Philadelphia Criminal Defense Attorney for Accomplice Charges
If you are involved in a crime committed by another person, it is possible that you can be charged with an offense for assisting that person. Depending on the underlying accomplice charges can result in severe penalties if a defendant is convicted. That is why it is important to understand when a person could be charged as an accomplice. If you were arrested and charged as an accomplice to a crime, contact an experienced Philadelphia criminal defense attorney.
At the Law Office of Lloyd Long, we are dedicated to providing our clients with the legal representation they need to fight their criminal case. The criminal legal process can often be intimidating, but we are here to help streamline the process. To schedule a free legal consultation to discuss your case, contact the Law Office of Lloyd Long at (215) 302-0171, or contact us online.
Pennsylvania Accomplice Liability Laws
Accomplice liability addresses the culpability of a defendant for the criminal actions of another person. Pennsylvania law states that a person can be guilty of a crime if they commit the crime of their own volition or a person becomes “legally accountable” for the crime of another person. This does not mean that another actor will not face criminal liability for their crime, but that one or more people can also be held responsible for the crime.
There are multiple factors that determine whether a person can be held accountable for the criminal actions of another:
- Whether a defendant facilitated or encouraged the commission of a crime
- Whether a defendant offered to find or found other people to participate in the commission of a crime
- Whether a defendant assists or promises to assist another person in committing a crime
There are some situations where an individual cannot be charged with complicity in a crime. For example, if a person was a victim of a crime, they cannot later be charged as an accomplice to the crime. Other scenarios where a person cannot have accomplice liability include:
- A defendant’s conduct was a coincidence and did not satisfy the requirements of the crime
- The defendant withdrew from the crime before it was committed
To withdraw from a scheme to commit a crime and not be deemed an accomplice to the crime, there are other actions a person must take aside from abandoning the crime. In addition to withdrawing from the crime, a person must take steps to stop the crime from being successfully completed. This typically means that law enforcement must be made aware of the plot to commit the crime. However, it is not enough to inform law enforcement of the crime while it is being committed; law enforcement must be given enough time to prevent the crime from happening. For example, warning the police about a scheme to rob a bank minutes before it occurs is not sufficient to withdraw from the crime.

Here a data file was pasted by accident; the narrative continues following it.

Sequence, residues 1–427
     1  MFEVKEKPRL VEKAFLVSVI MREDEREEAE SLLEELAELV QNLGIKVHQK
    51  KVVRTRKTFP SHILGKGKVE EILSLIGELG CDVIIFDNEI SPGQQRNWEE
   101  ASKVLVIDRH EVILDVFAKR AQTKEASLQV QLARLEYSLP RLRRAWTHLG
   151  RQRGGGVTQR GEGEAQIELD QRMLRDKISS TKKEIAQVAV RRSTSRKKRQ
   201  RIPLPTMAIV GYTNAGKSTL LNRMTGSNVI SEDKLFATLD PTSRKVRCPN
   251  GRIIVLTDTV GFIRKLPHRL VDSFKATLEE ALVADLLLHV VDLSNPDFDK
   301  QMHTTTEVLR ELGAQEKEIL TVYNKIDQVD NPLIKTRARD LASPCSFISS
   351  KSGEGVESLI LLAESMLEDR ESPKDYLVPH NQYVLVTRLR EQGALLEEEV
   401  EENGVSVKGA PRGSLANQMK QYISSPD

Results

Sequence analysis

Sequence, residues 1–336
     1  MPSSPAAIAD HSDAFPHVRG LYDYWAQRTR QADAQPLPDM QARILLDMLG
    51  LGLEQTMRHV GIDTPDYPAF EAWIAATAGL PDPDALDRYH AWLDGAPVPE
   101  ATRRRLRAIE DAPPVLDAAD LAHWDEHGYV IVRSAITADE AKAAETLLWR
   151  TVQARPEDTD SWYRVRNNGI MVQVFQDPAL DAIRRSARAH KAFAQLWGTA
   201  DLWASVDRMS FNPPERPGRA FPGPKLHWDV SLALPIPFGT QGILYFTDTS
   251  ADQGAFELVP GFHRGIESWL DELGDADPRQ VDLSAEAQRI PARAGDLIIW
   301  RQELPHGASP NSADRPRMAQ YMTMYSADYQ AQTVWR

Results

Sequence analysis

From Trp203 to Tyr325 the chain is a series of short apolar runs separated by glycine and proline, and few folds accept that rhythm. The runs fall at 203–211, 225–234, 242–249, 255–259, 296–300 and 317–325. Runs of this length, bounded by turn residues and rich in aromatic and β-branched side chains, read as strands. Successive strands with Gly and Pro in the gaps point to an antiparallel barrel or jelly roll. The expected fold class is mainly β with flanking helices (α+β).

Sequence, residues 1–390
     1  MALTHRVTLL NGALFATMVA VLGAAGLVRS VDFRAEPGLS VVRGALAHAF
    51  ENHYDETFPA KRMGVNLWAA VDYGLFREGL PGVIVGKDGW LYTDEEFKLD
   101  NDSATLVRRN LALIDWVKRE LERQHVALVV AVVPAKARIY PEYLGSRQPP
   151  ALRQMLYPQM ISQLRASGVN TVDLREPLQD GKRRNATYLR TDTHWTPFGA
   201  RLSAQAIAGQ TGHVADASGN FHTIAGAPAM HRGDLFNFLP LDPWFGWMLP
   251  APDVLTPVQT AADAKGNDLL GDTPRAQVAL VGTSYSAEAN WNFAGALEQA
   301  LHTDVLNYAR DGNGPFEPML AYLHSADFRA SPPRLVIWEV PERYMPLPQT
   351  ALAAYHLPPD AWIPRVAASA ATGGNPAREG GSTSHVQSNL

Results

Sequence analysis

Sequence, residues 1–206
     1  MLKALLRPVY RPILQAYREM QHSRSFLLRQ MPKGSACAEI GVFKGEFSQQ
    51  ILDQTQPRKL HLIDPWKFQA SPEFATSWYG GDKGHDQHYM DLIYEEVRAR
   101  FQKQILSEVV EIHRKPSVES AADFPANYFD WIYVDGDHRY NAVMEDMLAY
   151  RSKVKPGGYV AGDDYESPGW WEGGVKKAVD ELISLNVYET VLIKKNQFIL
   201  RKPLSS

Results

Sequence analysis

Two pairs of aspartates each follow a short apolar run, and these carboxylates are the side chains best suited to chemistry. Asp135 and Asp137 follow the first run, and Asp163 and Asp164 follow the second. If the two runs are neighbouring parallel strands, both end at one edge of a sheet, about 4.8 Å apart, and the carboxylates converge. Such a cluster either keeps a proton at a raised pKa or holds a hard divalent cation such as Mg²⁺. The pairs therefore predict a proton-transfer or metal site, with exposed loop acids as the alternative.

If a person intended to withdraw from a crime but did not take all the proper steps to abandon the crime, they can still be charged with accomplice liability.
To learn more about accomplice liability and how a conviction could affect you, continue reading and speak with an experienced Philadelphia criminal defense lawyer.
Grades of Felonies and Misdemeanors in Pennsylvania
There are varying levels of felonies and misdemeanors that a defendant could be charged with as an accomplice to a crime. For example, there are three different grades of felonies: first degree felonies, second degree felonies, and third degree felonies. Misdemeanors follow this grading system as well.
First degree felonies are the most severe type of felony; it carries a maximum prison sentence of 20 years and $25,000 in criminal fines. Second degree felonies carry a maximum sentence of 10 years in prison and also $25,000 in fines. A conviction for a third degree felony can result in seven years in prison and $15,000 in fines.
First degree misdemeanors are the most serious type of misdemeanor; if convicted, a defendant can be sentenced to five years in prison and may be ordered to pay $15,000 in fines. Second degree misdemeanors can carry a maximum penalty of two years in prison and $5,000 in fines. Finally, third degree misdemeanors are punishable by one year in prison and $2,000 in fines.
It is also important to note that if you were an accomplice to the crime of murder, it is possible to receive a life sentence under some circumstances.
Our Philadelphia Accomplice Liability Lawyers are Ready to Work with You
If you or a family member was arrested as an accomplice to a crime, consult with an experienced Philadelphia accomplice liability lawyer today. Criminal defense lawyer Lloyd Long possesses several years of experience litigating dozens of criminal law cases, and he would be proud to represent you. To schedule a free consultation to discuss your legal options, contact the Law Office of Lloyd Long at (215) 302-0171.